Mining Program Strategic Plan, 2019-2023 - Overarching Research Approaches
Certain activities span all strategic and intermediate goals and serve as an integral part of every research endeavor to ensure effective product design and implementation. These approaches may include organizational, physical, and/or psychological considerations when assessing risk and designing improvements for equipment, technologies, and processes—while placing the limitations and capabilities of the worker as the focal point for how products should be designed, tested, and implemented successfully.
We also consider early-on the relevant processes for product interpretation and dissemination. We require dissemination plans at the initiation of every project, as well as yearly updates, which are closely tied to the project’s intermediate goals. Because these overarching approaches constitute an integral part of all research efforts, they are not included as specific strategic goals. However, they are vital to the overall design, implementation, acceptance, and success of our research and product development and to all three Mining Program strategic goals. Specifically, these overarching approaches fall into five categories: human factors, human-centered design, health communications, surveillance and statistics, and training solutions.
Human factor considerations include health and safety management systems (HSMS), which are institution-wide approaches to managing and improving health and safety. The Mining Program recognizes the advantages of providing solutions and practices that can be integrated within an HSMS to provide direction to individual research projects and make their solutions HSMS-compatible. Moreover, the Program investigates the factors that contribute to HSMS effectiveness and communicates these factors in the form of recommendations to HSMS implementers in the mining industry.
Successful engineering solutions need to accommodate the capabilities and limitations of their human operators. To meet these criteria, the Program applies human-centered design approaches across all projects that develop and design human-machine-environment system interactions (e.g., situational awareness project). This involves assessment of the entire system and how the human workers will interact with that system. We identify potential health and safety issues during the development process and resolve these issues during iterative design and testing phases.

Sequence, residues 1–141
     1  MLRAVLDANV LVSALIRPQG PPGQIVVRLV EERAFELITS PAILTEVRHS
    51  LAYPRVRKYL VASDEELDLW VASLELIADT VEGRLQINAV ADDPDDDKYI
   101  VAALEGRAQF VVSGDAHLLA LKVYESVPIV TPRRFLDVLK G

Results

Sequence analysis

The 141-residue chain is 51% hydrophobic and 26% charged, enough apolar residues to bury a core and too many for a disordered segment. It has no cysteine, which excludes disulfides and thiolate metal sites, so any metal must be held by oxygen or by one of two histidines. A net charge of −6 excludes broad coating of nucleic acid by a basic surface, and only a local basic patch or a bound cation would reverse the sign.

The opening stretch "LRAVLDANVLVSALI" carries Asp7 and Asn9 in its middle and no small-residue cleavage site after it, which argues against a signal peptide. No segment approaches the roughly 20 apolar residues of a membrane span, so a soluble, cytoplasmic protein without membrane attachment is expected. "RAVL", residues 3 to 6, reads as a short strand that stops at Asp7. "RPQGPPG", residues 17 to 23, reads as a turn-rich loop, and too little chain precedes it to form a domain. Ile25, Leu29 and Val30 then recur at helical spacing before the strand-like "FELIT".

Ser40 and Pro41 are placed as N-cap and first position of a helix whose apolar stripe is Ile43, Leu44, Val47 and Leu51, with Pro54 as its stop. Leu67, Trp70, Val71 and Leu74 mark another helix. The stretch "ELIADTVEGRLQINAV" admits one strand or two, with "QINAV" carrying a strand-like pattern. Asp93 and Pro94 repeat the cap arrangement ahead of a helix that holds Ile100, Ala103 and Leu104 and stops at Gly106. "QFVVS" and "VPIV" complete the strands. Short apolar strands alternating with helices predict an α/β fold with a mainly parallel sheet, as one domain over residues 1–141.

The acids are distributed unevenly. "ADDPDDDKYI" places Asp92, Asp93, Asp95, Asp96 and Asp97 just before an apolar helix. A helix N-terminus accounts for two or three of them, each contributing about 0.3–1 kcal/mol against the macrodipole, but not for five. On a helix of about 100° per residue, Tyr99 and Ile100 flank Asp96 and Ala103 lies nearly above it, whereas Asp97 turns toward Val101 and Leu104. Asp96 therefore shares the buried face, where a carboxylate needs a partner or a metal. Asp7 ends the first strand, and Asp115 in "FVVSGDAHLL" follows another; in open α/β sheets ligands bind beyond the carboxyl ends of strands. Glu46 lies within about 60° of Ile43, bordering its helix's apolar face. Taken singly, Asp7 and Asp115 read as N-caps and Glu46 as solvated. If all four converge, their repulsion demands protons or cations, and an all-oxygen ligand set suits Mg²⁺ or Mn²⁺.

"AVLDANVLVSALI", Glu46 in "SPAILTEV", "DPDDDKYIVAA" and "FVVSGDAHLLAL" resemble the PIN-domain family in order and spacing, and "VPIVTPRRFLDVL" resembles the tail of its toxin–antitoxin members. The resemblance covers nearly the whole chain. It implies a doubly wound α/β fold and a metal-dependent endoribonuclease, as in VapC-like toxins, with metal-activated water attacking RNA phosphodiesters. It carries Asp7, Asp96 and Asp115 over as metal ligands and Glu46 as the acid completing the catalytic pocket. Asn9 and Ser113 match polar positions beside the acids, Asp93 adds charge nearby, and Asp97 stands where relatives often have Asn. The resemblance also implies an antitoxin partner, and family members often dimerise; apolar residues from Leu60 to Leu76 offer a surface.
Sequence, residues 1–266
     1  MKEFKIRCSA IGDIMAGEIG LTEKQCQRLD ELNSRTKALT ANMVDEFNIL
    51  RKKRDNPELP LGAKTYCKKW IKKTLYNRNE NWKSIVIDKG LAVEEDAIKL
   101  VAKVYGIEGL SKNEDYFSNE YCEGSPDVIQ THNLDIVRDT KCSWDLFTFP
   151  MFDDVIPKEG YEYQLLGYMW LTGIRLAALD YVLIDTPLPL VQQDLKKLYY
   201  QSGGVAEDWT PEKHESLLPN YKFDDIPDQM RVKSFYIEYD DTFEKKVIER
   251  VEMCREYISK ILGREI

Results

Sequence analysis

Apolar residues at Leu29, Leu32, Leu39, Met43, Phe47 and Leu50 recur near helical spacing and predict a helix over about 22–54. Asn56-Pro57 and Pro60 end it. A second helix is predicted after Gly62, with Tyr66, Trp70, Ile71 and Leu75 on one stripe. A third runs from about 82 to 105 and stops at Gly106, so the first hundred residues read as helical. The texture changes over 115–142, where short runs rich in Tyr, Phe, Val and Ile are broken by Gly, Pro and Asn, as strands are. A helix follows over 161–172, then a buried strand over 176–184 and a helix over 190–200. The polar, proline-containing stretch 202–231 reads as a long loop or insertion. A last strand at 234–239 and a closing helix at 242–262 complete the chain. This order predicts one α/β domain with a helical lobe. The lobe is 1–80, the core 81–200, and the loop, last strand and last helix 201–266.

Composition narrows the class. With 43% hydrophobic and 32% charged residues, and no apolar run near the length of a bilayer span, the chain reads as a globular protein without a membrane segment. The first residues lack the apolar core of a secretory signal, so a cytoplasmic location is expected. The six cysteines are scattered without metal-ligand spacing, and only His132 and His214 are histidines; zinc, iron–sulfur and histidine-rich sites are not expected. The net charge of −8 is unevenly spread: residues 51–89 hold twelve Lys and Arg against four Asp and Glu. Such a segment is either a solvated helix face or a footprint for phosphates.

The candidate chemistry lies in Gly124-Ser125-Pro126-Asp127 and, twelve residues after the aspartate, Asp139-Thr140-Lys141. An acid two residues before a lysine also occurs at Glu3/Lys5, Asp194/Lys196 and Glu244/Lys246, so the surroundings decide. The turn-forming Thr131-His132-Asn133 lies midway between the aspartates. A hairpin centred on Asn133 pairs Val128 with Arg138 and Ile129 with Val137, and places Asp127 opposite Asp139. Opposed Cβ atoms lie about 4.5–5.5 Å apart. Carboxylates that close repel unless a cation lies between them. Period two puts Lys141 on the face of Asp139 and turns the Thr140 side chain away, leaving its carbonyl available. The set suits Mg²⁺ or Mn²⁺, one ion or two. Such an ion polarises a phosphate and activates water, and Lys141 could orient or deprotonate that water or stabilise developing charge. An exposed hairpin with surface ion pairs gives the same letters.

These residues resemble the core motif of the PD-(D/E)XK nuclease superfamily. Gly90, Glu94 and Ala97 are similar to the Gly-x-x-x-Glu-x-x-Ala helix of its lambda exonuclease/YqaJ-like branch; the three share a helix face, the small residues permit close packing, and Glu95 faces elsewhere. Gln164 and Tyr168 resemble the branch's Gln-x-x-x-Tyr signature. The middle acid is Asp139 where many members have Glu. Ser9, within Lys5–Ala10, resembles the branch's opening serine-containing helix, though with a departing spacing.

The Mining Program includes a strong health communications function that ensures impact by communicating the program’s solutions to the stakeholders who are in the best position to improve mine worker health and safety. Purposeful communications of products and scientific results relevant to the mining workforce are necessary to reducing injuries and illnesses. The health communications staff initially engages with projects at the proposal and planning stages to ensure that a detailed dissemination plan is in place, performs an audience analysis, then helps to execute that plan during the project’s lifetime, with specific communication products targeting audiences who can take effective safety and health action. We execute and evaluate the dissemination plan through targeted communications, including publications, exhibits, videos, social media, software, and web content—choosing the best mix of communication tools to serve our stakeholders and their health and safety needs.
The Mining Program’s surveillance and statistics staff gather analyzable data files and summary statistics, economic analyses, production statistics, and MSHA data on accident, injuries, and illnesses specific to the mining industry. We perform surveillance analyses to identify the sectors, tasks, machinery and equipment, activities, contaminants, and other factors that are responsible for the greatest risk of injury and illness in order to target our research activities most efficiently. We undertake impact analyses based on injury and illness surveillance data from the mining and regulatory industry in order to determine the effectiveness of our activities in relation to each strategic and intermediate goal. As part of the dissemination plan, we also review products that involve statistics and apply proven statistical analysis techniques to ensure their quality and usability by stakeholders.
We integrate a training function across the Mining Program to identify solutions that lend themselves to training and are needed to achieve specific health and safety goals. Our training staff works across research projects to identify areas where miners will need training to accommodate new technologies and to implement new advances in health and safety knowledge, skills, and abilities. First, we perform a training analysis to identify whether there is a training component to a successful intervention; then, if a training component is needed, we develop and evaluate that intervention, which could range from instructional manuals to toolbox talks to simulations that can be performed in a safe environment. Training solutions are packaged alongside the Program’s engineering solutions or can serve as standalone packages that demonstrate effective training approaches and techniques. Opportunities often exist to translate or transfer this knowledge to other industries such as construction and oil and gas extraction.